intermediate spanish conversation

Troubleshooting the 5 Most Common Intermediate Spanish Conversation Mistakes

Nailed the basics and ready to have some serious Spanish heart-to-hearts?

Don’t let typical Spanish mistakes get in the way.

Not only can language goofs distract people from what you’re saying—they can seriously mess with your confidence.

As an intermediate Spanish learner, you’re probably just starting to feel some conversational confidence.

Reaching this level of conversation in a foreign language is so satisfying.

This is the stage of language learning where the pieces of the puzzle start to fall into place, where you begin to recognize structures and phrases and it all—finally!—begins to make sense.

However, this is also the stage where you’ll need to overcome those commonly-made mistakes and train yourself to speak correctly.

If you simply blast ahead, confident even with incorrect Spanish, you’ll reinforce incorrect Spanish in your brain—who knows how long it’ll take you to get on the right track after that!

Intermediate speakers of Spanish often make similar errors, so we’ve jotted down some tips on how to improve your conversational Spanish while clearing up the common confusions that you’ll encounter in everyday speech.
 


 

Troubleshooting the 5 Most Common Intermediate Spanish Conversation Mistakes

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1. Get the Subjunctive Right

The subjunctive is hugely important in Spanish.

This can often be quite difficult for Spanish learners, and it’s especially painful for native English speakers because the use of the subjunctive in English is far less common than in Spanish.

The good news about having reached an intermediate level is that you’ll naturally begin to incorporate the subjunctive as you speak. You’ll begin to recognize when it’s needed and how to construct it. That’s because you’re becoming more familiar with how good Spanish sounds.

If you’re still having doubts, here are some quick tips for getting it right. 

When to use it?

By now you’ve probably heard that the subjunctive isn’t a tense but a mood.

This makes it slightly more difficult to know when to use it, as there’s no specific timeframe for the action you’re describing.

Put simply, the subjunctive is used to express doubts, unreal situations, uncertainty, wishes, desires, emotions and abstract concepts. Look at the two examples below and they’ll explain this a bit more:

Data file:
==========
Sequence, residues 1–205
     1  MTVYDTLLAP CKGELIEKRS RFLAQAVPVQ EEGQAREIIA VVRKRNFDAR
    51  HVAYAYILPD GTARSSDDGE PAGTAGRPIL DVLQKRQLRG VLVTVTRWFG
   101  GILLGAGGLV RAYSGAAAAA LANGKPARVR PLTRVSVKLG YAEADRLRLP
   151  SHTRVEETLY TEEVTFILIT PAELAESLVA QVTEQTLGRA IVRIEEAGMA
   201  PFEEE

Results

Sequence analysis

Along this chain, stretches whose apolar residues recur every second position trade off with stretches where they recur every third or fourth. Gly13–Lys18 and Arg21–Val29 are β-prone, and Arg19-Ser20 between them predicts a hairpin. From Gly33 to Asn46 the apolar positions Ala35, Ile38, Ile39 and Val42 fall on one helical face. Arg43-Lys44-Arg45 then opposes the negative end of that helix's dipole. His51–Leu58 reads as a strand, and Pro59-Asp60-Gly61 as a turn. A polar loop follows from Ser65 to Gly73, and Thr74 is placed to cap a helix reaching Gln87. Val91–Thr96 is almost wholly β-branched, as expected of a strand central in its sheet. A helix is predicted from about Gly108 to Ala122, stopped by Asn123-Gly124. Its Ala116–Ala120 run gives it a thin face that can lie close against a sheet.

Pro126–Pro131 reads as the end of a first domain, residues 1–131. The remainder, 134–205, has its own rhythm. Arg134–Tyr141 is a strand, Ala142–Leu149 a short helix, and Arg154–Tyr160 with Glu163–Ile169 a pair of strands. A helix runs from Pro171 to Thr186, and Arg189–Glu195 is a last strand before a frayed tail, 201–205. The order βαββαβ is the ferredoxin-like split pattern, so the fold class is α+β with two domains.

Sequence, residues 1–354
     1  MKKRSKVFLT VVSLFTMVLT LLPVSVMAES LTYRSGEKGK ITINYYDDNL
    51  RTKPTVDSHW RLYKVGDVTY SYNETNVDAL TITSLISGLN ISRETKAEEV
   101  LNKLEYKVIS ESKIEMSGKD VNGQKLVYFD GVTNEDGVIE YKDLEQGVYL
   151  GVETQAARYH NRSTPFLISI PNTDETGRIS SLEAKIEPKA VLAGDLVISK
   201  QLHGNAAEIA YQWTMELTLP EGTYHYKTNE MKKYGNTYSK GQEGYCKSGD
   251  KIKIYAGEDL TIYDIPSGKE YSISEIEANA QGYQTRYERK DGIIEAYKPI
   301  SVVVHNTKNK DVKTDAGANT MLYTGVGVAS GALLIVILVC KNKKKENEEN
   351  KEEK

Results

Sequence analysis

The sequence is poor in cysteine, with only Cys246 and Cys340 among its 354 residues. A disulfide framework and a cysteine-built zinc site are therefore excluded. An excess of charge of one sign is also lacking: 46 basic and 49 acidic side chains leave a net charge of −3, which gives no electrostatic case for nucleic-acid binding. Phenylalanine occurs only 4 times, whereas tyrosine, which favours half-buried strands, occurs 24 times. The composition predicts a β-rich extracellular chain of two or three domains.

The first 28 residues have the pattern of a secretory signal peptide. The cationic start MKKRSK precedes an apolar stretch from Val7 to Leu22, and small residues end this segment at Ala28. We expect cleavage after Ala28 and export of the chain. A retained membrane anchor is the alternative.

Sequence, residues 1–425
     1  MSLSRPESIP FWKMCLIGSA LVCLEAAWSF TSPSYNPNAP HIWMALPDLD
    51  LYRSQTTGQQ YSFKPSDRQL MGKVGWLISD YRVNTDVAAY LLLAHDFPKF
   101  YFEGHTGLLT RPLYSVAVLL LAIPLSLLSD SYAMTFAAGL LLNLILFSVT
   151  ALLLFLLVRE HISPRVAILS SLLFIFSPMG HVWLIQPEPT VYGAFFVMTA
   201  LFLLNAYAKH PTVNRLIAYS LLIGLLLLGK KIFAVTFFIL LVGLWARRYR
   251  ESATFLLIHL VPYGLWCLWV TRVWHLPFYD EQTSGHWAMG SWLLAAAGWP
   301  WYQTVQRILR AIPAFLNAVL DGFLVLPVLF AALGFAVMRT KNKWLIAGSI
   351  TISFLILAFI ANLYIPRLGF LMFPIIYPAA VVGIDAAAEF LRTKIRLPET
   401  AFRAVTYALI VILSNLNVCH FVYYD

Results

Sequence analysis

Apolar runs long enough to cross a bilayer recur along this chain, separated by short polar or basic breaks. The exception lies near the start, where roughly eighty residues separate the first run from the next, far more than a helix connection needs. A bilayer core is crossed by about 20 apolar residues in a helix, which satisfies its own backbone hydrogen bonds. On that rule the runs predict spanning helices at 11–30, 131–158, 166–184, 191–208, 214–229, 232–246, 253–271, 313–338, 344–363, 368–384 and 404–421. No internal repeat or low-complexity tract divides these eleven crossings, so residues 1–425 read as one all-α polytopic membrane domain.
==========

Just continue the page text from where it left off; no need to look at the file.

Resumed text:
Lucia tiene un gato. (Lucia has a cat.)

The subjunctive isn’t used here because this is a statement of fact.

Yo dudo que Lucia tenga un gato. (I doubt Lucia has a cat.)

Here, the subjunctive form tenga is used because doubt or desire is introduced. There’s also a number of common phrases that are always followed by the subjunctive, such as:

antes que (before)

hasta que (until)

es bueno que (it’s good that)

es malo que (it’s bad that)

es importante que (it’s important that)

es fácil que (it’s likely that)

es difícil que (it’s unlikely that)

…and there are many, many more!

How to construct subjunctive?

Constructing the present subjunctive isn’t really all that difficult, it just takes some getting used to. It’s basically a matter of reversing the common endings for the simple present verb conjugations. For most verbs, the present subjunctive is formed by taking the first person (yo) form of the present indicative and replacing the o with one of the endings below: 

ar verbs:

-e, -es, -e, -emos, -éis, en

Sample conjugation: 

Hablar (to talk)

Yo hable

Tú hables

Él/Ella/Usted hable

Nosotros hablemos

Vosotros habléis

Ellos/Ustedes hablen

er and –ir verbs:

-a, -as, -a, -amos, -áis, -an

Sample conjugation: 

Comer (to eat)

Yo coma

Tú comas 

Él/Ella/Usted coma 

Nosotros comamos 

Vosotros comáis

Ellos/Ustedes coman

Vivir (to live)

Yo viva

Tú vivas

Él/Ella/Usted viva

Nosotros vivamos

Vosotros viváis

Ellos/Ustedes vivan

For any verbs with irregular yo forms like tener—which is tengo in first person—simply repeat this process. So, it would be yo tenga, tú tengas, etc.

2. Sort Out Your Pronouns

Pronouns are tricky and even advanced speakers still make mistakes with them, so it’s important to put in the time with them at this stage so you can feel confident moving forward.

Pronouns in Spanish are very different from pronouns in English. They can be moved around in the structure of the sentence and are usually tacked onto the verb. This applies to both direct and indirect pronouns, as outlined below.

Direct Object Pronouns

A direct object pronoun refers to the object that receives the action of the verb. It can be a person or a thing. The words in bold are the direct objects in the following sentences: 

I eat cereal.

John teaches Mary.

Here’s a list of direct object pronouns and their English equivalents.

me (me)

te (you)

lo/la (him/her/it)

nos (us)

os (you pl.)

los/las (them)

Use the direct object pronoun to replace the direct object itself. So, let’s think about this with the following sentence:

Juan toca la guitarra. (John plays the guitar.)

If you replace la guitarra with just la, the sentence becomes Juan la toca. (John plays it.)

Indirect Object Pronouns

The indirect object is the destination of the direct object. Again, it can be a person or a thing. In these sentences there must be a subject, a direct object and an indirect object. The words in bold in the following sentences are indirect objects: